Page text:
I haven't been tremendously productive knitting, lately, so this is a pictureless post. I did recalculate the number of stitches I need for the sleeve of the sweater I'm creating for Kivrin, so I ripped out the five inches I'd done and started over. I think it's better, and since it's just stockinette, I've made up my time, and am now back where I started. I don't think I'll be taking it with me on the trip; it's a pretty bulky cotton yarn, which will take up more suitcase space than I want.
I'm still trying to make the "to carry on or not to carry on" decision. I prefer, strongly prefer in fact, to go carry-on when at all possible, and am, as a consequence, really good at fitting everything into a suitcase and a small backpack. The kids are equally good (I've long had this obsession, but it really gelled when I first travelled alone with a small child and had to both hang on to said child and fetch luggage from a carousel; so much easier just to go carry on). They've been managing their own luggage since Tess was 6 and Kiv 3, so that's not an issue. It's the liquid rules that are thwarting me now. I can manage on small amounts of shampoo and shaving cream and all, but getting enough shampoo for the kids is tougher. And I'd like to bring some chocolates for my SIL, whose family so kindly lets her bring us along to their camp in the UP, so I'd need to check the rules on that. Sigh... At least knitting needles aren't a problem here in the states.
We had an excellent day yesterday. I took the girls to see Hairspray with a friend of theirs and her mother. We all really liked it. I'm a total sucker for upbeat music to start with, and I loved both the body-image and the integration messages; very good for the kids to hear. I've never been a skinny person. Even as a lower-weight person, I was built with hips, which has always made waistbands an issue for me (if something fits the hips, it will gap a good six or more inches in the waist; ridiculous). I have this feeling that I should have been born in an earlier age, when people would have looked at me and not thought "no discipline", but rather "good famine survival material". Having daughters has been a challenge for me in terms of watching my tendency to say self-deprecating things about my body; I want so much for them to see themselves, not in terms of social fads in body type, but in terms of how healthy and strong their bodies are, and what they can do. So, I'm trying very hard to learn how to do that myself.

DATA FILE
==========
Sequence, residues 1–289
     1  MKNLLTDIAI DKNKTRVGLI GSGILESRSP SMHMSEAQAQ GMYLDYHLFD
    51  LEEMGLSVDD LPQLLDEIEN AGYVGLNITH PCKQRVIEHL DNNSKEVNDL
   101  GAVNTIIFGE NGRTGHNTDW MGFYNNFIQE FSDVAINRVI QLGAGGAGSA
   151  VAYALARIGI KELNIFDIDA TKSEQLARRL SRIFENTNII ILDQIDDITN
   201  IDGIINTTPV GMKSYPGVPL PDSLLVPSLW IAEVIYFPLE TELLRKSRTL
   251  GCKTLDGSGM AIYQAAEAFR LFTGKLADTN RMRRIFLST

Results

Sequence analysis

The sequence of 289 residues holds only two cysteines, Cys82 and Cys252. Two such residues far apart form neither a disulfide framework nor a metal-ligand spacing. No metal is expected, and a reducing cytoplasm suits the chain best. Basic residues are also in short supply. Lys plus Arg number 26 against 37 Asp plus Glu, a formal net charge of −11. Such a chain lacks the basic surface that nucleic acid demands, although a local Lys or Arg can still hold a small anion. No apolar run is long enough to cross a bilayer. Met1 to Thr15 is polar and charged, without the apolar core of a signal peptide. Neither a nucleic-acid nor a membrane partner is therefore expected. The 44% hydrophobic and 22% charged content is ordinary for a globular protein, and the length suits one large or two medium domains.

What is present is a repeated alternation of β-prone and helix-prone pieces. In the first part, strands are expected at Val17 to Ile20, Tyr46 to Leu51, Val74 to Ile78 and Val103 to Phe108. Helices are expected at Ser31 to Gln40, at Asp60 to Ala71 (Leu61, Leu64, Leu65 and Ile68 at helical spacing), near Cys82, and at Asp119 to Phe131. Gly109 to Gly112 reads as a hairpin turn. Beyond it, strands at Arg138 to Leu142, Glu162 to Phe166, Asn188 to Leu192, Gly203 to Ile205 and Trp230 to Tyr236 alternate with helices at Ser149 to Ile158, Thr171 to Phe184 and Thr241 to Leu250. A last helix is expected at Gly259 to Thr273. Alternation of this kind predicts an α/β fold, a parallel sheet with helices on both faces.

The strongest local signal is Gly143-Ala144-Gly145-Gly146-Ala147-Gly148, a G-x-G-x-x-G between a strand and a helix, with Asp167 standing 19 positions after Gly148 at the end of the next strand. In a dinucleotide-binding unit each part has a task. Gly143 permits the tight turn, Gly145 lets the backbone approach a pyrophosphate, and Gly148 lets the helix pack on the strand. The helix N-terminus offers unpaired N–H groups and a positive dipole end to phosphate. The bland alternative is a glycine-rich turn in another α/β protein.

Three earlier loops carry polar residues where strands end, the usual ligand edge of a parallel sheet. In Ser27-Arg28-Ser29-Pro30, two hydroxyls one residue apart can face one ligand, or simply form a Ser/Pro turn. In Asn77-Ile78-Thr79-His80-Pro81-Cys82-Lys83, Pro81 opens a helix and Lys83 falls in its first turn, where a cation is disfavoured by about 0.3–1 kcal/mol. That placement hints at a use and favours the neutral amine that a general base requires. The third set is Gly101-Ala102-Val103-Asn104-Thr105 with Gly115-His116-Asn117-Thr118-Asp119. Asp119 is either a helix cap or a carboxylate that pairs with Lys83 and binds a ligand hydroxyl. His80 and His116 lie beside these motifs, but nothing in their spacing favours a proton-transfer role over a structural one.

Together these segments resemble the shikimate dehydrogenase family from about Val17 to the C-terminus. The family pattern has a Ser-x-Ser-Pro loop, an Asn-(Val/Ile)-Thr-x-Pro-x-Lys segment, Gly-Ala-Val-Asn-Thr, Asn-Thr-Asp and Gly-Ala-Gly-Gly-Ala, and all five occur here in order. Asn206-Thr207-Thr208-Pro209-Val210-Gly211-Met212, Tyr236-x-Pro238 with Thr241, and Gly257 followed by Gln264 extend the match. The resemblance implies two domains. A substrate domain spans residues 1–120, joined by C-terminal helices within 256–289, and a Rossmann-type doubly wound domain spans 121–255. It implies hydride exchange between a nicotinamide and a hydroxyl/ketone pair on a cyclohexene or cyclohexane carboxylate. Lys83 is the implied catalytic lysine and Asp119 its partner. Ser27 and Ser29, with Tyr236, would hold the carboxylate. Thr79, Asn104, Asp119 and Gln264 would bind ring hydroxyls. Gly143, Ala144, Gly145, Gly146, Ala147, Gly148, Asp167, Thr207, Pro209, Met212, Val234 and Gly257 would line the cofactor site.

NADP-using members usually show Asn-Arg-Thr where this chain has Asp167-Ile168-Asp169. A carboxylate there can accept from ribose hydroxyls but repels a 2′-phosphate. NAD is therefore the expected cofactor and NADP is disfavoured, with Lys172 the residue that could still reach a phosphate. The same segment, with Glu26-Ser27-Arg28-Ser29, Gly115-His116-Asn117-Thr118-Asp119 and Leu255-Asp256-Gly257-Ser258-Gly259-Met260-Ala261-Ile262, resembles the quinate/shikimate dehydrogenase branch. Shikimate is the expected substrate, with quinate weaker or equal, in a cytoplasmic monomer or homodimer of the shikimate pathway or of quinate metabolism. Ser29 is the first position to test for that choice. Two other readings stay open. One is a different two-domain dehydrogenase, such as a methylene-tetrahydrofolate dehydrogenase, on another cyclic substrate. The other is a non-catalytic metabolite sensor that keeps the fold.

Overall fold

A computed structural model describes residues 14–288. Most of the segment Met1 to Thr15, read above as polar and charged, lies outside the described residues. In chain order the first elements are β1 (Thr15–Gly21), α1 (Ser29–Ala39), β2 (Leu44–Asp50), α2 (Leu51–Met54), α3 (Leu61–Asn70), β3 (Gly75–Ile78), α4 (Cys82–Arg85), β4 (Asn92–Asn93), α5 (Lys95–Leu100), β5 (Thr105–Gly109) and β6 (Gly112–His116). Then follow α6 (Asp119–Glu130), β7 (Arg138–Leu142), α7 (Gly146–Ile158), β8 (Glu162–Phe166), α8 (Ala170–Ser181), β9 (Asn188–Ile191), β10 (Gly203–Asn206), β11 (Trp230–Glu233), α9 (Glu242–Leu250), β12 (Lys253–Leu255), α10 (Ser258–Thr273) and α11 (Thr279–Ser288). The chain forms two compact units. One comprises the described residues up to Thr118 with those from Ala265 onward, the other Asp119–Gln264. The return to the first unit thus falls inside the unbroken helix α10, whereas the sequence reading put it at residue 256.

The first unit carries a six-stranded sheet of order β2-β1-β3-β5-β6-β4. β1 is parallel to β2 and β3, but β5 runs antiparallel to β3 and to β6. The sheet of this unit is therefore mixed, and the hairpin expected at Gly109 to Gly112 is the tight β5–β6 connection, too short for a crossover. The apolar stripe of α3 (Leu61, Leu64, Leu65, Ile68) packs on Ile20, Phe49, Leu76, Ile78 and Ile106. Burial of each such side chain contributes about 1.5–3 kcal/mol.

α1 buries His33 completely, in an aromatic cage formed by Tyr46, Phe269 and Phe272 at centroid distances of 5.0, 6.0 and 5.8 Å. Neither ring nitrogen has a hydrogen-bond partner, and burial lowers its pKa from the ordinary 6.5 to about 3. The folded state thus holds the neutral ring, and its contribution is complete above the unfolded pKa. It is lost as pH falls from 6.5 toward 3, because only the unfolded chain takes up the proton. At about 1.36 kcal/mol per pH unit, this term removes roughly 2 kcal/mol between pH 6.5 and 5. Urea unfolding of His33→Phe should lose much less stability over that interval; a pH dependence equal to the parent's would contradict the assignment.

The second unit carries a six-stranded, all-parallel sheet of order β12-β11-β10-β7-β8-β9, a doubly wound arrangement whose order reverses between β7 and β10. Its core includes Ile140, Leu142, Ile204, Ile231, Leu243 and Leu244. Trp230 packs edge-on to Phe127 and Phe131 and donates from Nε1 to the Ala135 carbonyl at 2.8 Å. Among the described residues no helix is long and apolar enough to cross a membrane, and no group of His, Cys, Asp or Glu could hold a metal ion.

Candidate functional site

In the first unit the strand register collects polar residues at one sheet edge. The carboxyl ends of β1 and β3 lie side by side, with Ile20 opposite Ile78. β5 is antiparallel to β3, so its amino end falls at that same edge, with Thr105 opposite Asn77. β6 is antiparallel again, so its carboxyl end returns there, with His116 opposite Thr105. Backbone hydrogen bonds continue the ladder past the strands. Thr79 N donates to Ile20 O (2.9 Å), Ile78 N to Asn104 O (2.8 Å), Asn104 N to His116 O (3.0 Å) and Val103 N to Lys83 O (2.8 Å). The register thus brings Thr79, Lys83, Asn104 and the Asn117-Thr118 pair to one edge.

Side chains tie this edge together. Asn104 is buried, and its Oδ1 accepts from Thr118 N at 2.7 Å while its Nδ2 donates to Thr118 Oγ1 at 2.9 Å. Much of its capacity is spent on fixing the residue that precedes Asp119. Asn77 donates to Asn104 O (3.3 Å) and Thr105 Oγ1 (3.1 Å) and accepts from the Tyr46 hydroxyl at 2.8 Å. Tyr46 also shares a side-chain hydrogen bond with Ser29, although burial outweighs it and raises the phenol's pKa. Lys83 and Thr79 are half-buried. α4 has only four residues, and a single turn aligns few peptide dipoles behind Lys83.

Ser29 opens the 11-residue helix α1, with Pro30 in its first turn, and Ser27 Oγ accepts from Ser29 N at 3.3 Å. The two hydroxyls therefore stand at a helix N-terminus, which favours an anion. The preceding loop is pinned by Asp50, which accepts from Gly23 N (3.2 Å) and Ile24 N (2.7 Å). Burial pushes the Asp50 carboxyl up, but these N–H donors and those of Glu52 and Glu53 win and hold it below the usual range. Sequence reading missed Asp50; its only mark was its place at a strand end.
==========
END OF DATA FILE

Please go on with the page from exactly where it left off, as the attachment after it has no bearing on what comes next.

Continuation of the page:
I was making some serious strides in that realm for a while, and then faced a huge challenge last summer when I had back surgery. After two years of pain due to a ruptured disc that was pushing on my sciatic nerve, I started to lose sensation and muscle strength in my leg and ended up having surgery that replaced the disc with a spacer and fused two vertebra together with titanium rods and bone grafts. Someday maybe I'll write more about that experience, but for now, the relevant point is that I couldn't do anything I'd been able to do before. Really, not anything; for a long time, my foot dropped every time I tried to pick it up. This does not make for graceful walking. It's not been until recently that I've been pain-free at the surgical site, let alone in my leg. That's a long time. And all of the things I'd become strong enough to do with my body weren't possible, and that meant that all of my learning to be proud of my body not because of how it looked, but because of what it could do, had to be relearned at a different level. I had to be proud that I could walk around the block, because frankly it was hard to do that. And I had to learn to be proud of doing things that looked easy to everyone else; talk about needing to let go of all external markers of achievement! It was quite a lesson for me.
I'm not saying I've really fully learned it, but I did definitely learn to be grateful for small things. Like being able to sit in a theater for two hours watching my girls enjoy a movie without pain. Like being able to touch my toes again in yoga (nope, still can't kiss my knees again, but I can wave at them from a closer angle now). Like being able to take my family to the Wild Animal Park and walk without pain (which we also did yesterday evening; so beautiful and fun!). It's been an amazing lesson in mindfulness, and in learning that sometimes The Plan just doesn't happen as, well, planned. And that I can learn something from what happened instead.
I also had to let go of all of the judgments I got from friends and acquaintances about what I should have tried before cutting my body open. I had to trust that I knew when the time had come, and that I had tried everything I could beforehand, and not rushed into surgery. Everyone's body is different, and knowing that I have finally, after a year of working at it, begun to regain some muscle control in my thigh tells me that I fixed this problem none too soon. I'm pretty clear on the fact that I'd rather walk around with titanium in my back for the rest of my life than not be able to walk well at all. But (in case the small tinge of self-justification here didn't give it away) it doesn't mean that I still don't feel judged by people saying, "but did you try ABC first?", and "my XX worked really hard at Y, and that fixed everything without surgery". It has definitely been another opportunity for me to pay attention to how and why I feel about those statements like I do, and an chance to remind myself to trust my judgment above all else.
So, this is all by way of saying that I have been feeling grateful lately. Grateful for what my body can do, and for what I have had a chance to learn about me in the past year. Grateful for my daughters and my husband and for the time we get to spend together. Grateful for my friends both for supporting me and for offering me opportunities to work on my Stuff. Life is good.